She and her husband, Larry, used the first $25,000 to pay off bills and help their children with college tuition. The half million payed off their home and got a truck. The rest went in the bank. Fundell also saved most of a $100,000 prize.
Those who win relatively small prizes don't think in terms of quitting their job and buying a new house, said Debbie Hoffmann, a public relations manager for the Minnesota State Lottery. Instead, it's more about securing a financial future.
Fundell admits she probably would have spent more of it on toys if she won 20 years ago.
Now, it would have been "stupid" to buy the boat or camper. The savings will come in handy when her husband retires in less than two years.
"It's good," she said. "We want something to live on in case we live to be 90."
The money did make her a more "bubbly" person, though.
"I was floating on clouds for years," she said. That feeling was rejuvenated each time she won.
"It taps into your personality," she said. "You get a high of winning."
Her friends and co-workers wanted to be around her more -- to rub off on her good luck, though they never showed jealousy.
Fundell was able to give to more charities and even handed out $100 to each of her 72 co-workers.
Still, she says she's been humble throughout each of her winnings.
"I didn't brag. I didn't want to think I was better," she said. "I'm just lucky."
From: La Crosse
Won: $100,000, Casino Royale, 1999
Sue Baker thought life would be set after she won $100,000. At the very least, she could be a little more comfortable.
Now she lives in low-income housing. She lost $40,000 of the winnings seven years ago in the stock market.
But first, she was asked by a few acquaintances for several thousands of dollars in loans.
Friends also accused of cheating. Baker was working at a former La Crescent gas station when she bought the winning ticket.
Baker started playing scratch-off tickets when they first came out.
"I thought maybe I'd win something," she said.
First, $800. Then, $8,000. Finally, the big one: $100,000.
Baker paid off her bills with the first two winnings. After she won the $100,000, she bought a new car, flew to New York twice to see her son, went to Florida and then Las Vegas with her children.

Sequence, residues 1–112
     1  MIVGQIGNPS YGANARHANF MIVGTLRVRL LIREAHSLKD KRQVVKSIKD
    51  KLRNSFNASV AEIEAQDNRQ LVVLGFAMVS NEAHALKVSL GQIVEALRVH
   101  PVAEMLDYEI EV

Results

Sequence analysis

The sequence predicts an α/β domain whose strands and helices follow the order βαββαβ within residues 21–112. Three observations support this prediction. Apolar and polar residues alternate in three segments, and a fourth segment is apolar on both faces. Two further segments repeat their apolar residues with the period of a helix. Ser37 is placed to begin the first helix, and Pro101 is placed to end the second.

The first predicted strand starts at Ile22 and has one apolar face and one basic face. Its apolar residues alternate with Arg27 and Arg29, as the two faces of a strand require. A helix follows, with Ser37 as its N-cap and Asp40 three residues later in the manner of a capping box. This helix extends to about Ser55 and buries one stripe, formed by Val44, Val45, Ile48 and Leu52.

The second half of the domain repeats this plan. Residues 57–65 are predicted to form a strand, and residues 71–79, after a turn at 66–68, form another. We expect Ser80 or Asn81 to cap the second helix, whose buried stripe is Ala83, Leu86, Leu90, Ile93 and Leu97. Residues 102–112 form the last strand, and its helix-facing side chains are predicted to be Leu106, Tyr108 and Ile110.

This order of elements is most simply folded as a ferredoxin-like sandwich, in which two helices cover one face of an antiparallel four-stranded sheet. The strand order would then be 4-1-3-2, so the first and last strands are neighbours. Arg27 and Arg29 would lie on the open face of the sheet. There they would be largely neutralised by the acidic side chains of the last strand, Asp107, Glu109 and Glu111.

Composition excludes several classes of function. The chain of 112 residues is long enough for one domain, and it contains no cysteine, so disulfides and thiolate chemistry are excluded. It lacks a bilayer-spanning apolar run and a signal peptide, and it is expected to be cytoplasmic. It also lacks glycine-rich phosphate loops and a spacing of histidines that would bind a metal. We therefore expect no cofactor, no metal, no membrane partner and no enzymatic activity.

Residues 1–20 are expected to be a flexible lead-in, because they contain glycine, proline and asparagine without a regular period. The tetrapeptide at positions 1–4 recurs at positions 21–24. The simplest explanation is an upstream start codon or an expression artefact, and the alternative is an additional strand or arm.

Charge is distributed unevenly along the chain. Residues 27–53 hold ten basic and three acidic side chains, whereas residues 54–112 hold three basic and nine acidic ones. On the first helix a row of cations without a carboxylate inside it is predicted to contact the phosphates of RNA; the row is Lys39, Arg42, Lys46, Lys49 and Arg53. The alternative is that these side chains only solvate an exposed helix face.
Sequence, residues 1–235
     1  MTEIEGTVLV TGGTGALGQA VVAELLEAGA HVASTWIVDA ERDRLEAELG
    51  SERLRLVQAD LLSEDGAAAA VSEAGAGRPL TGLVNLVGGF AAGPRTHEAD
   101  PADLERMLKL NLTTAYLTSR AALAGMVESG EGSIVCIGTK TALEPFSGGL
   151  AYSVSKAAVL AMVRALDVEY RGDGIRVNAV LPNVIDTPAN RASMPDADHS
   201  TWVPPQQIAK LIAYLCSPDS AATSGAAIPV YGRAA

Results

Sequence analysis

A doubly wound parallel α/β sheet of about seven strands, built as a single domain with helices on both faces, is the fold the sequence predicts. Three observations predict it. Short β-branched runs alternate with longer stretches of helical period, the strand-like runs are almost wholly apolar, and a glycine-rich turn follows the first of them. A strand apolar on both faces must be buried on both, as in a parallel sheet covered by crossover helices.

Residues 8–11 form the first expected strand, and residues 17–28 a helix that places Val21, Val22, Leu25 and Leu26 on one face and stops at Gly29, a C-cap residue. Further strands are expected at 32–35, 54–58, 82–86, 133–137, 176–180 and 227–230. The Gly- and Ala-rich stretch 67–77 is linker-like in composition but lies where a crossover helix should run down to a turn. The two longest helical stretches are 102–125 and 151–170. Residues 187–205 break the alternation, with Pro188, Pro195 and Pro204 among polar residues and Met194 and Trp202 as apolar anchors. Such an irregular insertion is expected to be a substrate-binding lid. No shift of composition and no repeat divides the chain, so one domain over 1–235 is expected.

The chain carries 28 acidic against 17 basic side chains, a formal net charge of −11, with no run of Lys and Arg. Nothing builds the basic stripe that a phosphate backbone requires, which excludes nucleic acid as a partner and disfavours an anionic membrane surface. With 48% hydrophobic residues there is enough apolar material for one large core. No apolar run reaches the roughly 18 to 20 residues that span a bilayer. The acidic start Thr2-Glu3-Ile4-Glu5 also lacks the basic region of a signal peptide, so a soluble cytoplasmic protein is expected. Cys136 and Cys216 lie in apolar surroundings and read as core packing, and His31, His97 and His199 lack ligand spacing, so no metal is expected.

With no bills and relief finally settling in, Baker thought she would be smart and invest the rest in the stock market.
"It hurt," she said of the loss. "That was my back-up money."
Baker worked at the gas station until she retired. She doesn't play lottery games very much any more. She can't afford it on her limited income.
Still, when the jackpot gets high, she can't resist the temptation to buy a ticket.
From: La Crosse
Won: $100,000, Powerball, 2003
Mark Erickson started playing lottery so he could retire when he was 40. That didn't happen, but the $100,000 he won nine years ago is making his retirement years feel safer.
When he won, he let out a "yee-ha" and told his wife what happened. They checked, re-checked and triple checked the numbers.
Still a winner.
The couple upgraded their vehicle, replaced their central air, got a new furnace and new furniture and spent eight days in Ireland.
After they got back, though, they set the rest aside. There it still sits for a rainy day.
"I knew it wouldn't last long, but I wish it would have lasted longer than that," he said. "But I'm not going to cry over it."
It's a good cushion, Erickson said, since he and his wife retired a few years after winning.
Life didn't change much. There were no fights over how to spend it. No calls asking for a hand-out, much to his surprise.
He still plays the lottery, hoping to one day hit a really big jackpot.
"If I do, fine," he said. "If I don't, I won't regret it."
From: Caledonia, Minn.
Won: $100,000, Money Tree scratch off, 2010
A modest house still sits the same as it did before Marilyn Kennedy won.
No new furniture. No fancy paintings or new clothes. Her car is old, but it gets her to the grocery store just fine.
Kennedy took a trip to Ireland with her church -- something she was planning for before she won -- and put the rest of the money in the bank.
She has worked at the same gas station since 1989, where she still does part-time duties. It's where she bought the winning ticket.
Usually a Powerball player, Marilyn was lured to scratch offs when she was bored at work a couple of years ago.
Even after winning, she wasn't overjoyed.
"At my age, you know it's a nice rest egg," she said. "You never know what will happen or if people will need help."
No one has asked yet. "I felt guilty because more people could have used it than me," she said.
People at work still ask to buy their tickets from Marilyn. Or at the very least that she touch the ticket, so a little luck rubs off.